January 15, 2021
Keymer Ávila | @Keymer_Avila
The context of a recent blod bath in two Caracas’ slums tells a complex story of how violence gets out of control.
It is very difficult to generalize, each slum has its own universe, actors and logic. Last year, when a violent incident took place in Petare, I made very similar comments. Anyone who intends to speak about La Vega, Cota 905, or the events that took place or are still taking place there should be familiar with the area in some way, either because it is the object of their field studies, observations, monitoring or analysis, or because they live in that place. This is not my case, and that is why I can only refer to very basic and general questions that any criminologist or sociologist specialized in the criminal system or the study of violence could discuss, more than just repeating what is already abundant on social media. At this stage, we must avoid unfounded opinions.
I believe three basic things must be taken into account when reflecting on these events: the context of deep structural violence that Venezuelans suffer, the structure of illicit opportunities offered by the system itself, and the institutional violence that is functional to both.
In the first place, how and why do gangs with this high firepower form? This phenomenon is a sample of the institutional precariousness of the State at various levels: the most fundamental is the social and economic levels. This is known as structural violence and has to do with social exclusion and the non-satisfaction of the most basic needs of the population. This absence of a real Social State, with truly universal, non-discriminatory, sustainable, institutionalized, non-clientelistic and non-sporadic policies, is the mother of all other forms of violence. It is the type of violence that deprives, for example, excluded young people of sufficient opportunities for a life in the licit world. Greater social exclusion reduces the options for legal life, especially in our current context where the private and public economy is broken. What legal options are currently being offered to young people in the country?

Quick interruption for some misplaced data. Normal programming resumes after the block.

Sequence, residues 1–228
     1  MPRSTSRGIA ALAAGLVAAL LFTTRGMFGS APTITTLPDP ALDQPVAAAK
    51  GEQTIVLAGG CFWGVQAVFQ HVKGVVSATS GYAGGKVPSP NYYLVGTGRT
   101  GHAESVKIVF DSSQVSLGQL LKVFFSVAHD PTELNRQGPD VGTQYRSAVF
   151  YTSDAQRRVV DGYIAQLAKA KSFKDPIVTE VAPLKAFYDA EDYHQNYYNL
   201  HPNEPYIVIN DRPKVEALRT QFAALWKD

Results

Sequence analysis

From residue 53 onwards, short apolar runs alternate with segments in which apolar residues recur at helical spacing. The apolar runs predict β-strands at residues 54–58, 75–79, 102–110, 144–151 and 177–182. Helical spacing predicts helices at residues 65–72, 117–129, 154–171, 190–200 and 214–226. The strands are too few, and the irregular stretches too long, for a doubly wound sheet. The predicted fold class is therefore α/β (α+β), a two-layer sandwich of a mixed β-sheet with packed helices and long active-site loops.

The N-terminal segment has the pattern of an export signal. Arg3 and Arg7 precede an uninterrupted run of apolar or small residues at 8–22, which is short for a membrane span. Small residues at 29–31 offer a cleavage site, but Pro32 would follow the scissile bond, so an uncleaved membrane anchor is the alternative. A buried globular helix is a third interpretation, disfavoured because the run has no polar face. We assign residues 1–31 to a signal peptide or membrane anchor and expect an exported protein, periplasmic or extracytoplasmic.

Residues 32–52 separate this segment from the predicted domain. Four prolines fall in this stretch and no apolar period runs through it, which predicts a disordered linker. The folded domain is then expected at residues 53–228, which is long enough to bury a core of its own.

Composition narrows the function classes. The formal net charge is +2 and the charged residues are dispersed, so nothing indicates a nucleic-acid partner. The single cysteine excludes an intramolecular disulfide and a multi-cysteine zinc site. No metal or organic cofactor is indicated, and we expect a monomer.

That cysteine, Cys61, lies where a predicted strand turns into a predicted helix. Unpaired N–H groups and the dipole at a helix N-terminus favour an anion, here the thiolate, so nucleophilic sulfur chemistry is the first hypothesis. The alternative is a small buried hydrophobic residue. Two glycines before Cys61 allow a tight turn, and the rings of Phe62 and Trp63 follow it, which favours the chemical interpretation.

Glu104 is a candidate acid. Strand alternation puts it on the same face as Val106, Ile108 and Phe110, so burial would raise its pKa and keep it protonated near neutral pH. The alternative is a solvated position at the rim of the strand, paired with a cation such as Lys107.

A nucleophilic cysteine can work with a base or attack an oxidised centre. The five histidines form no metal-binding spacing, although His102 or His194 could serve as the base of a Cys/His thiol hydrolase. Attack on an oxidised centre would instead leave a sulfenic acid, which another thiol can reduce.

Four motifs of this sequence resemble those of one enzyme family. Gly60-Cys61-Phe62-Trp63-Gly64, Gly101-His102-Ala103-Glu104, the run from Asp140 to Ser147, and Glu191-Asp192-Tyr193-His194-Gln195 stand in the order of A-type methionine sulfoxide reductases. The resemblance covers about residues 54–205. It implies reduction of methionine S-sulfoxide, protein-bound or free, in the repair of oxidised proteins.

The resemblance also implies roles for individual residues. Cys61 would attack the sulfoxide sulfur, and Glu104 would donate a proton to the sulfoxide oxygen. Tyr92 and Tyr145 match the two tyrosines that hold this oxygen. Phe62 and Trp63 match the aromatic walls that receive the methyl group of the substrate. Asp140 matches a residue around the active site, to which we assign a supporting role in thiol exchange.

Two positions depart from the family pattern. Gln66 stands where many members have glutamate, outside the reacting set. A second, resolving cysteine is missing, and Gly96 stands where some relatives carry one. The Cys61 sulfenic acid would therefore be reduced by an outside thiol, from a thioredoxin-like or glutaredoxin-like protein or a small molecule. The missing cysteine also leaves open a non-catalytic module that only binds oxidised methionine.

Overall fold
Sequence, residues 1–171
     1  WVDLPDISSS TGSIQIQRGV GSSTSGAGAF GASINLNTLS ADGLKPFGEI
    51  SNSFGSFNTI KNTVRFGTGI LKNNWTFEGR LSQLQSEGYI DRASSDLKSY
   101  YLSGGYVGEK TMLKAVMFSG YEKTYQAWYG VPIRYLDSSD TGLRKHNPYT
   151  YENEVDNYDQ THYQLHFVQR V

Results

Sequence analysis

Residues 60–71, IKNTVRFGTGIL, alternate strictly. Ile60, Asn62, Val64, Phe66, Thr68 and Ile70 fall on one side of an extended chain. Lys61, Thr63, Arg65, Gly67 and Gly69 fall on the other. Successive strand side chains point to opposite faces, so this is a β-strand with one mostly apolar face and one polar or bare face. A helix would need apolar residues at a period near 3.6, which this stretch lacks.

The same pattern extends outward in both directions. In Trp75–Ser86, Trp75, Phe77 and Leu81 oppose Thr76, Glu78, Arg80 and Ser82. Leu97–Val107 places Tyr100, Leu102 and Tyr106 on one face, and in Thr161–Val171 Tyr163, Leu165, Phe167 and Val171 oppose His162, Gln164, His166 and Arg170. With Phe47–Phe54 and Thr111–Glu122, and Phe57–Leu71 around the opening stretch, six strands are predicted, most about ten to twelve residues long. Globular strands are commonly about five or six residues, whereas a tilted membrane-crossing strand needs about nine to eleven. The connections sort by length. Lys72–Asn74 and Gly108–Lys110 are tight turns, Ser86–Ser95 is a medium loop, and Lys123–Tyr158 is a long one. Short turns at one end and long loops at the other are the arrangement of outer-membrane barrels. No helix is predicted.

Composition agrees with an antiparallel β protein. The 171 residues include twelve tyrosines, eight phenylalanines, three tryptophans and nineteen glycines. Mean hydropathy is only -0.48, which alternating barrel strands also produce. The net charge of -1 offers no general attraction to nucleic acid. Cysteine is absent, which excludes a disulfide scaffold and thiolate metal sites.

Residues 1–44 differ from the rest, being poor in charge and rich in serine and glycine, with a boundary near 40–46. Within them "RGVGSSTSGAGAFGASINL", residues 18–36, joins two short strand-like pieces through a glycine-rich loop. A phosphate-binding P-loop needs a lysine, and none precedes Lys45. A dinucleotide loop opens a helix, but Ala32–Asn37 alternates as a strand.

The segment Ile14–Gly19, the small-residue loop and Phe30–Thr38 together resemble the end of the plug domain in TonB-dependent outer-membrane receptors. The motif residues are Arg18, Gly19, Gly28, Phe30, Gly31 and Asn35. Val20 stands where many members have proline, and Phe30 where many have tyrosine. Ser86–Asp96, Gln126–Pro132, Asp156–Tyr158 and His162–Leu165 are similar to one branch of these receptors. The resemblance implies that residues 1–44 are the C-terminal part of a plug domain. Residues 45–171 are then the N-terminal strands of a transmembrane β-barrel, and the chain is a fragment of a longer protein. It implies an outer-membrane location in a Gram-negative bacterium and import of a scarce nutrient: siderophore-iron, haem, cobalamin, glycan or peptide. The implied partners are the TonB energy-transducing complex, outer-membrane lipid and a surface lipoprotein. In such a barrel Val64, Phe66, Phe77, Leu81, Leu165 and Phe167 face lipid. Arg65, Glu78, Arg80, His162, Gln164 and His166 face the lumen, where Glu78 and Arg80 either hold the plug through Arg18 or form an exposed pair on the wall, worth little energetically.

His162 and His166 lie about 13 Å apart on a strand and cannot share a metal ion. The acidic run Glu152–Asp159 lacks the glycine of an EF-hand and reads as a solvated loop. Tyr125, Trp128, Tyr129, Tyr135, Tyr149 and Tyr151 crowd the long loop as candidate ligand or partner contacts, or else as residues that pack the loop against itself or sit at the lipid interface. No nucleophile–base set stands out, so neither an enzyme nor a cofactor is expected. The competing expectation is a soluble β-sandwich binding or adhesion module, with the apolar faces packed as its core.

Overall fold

Then other types of violence cascade down, such as social violence, criminal violence, individual violence, etc. Traditionally, in certain political situations where structural and institutional violence is evident, criminal and individual violence becomes more visible as a way to cover up structural violence. We will return to this later.
Now that a framework has been described, in which criminal violence is inserted within a logic of structural and institutional violence that generates, empowers and defines it, we can focus on the criminal violence that occurs within armed gangs, beyond the cultural and age approaches that are fundamental for the study of these phenomena. There is one element that I consider fundamental: for organized armed groups to exist in a territory, a “structure of illicit opportunities” must pre-exist. This is the very core of the study of criminal subcultures. This brings us to the second aspect that needs to be considered.
Who loses? All of us ordinary citizens
What is an illicit opportunity structure?
It is the support of the “licit” world to the emergence of a criminal organization. This includes social, institutional, economic, and political support, among others, that translates into guarantees to operate with impunity, the collaboration of the police and military, complicity of prosecutors and judges, political and economic patronage, among others. This has nothing to do with ideologies or political programs, it is just a matter of business, of common illicit markets. These alliances are not stable, sometimes these common interests can come into conflict leading to irregular wars between the sides.
The criminal gangs would be, then, just one more link in the chain. Here are basic questions: How do they get the weapons? How do they have access to weapons of war? How do they get ammunition? How come do some of them possess grenades? Who is responsible for the manufacture, import, distribution, and marketing of arms and ammunition in the country? Who has that monopoly? Since when do they have it?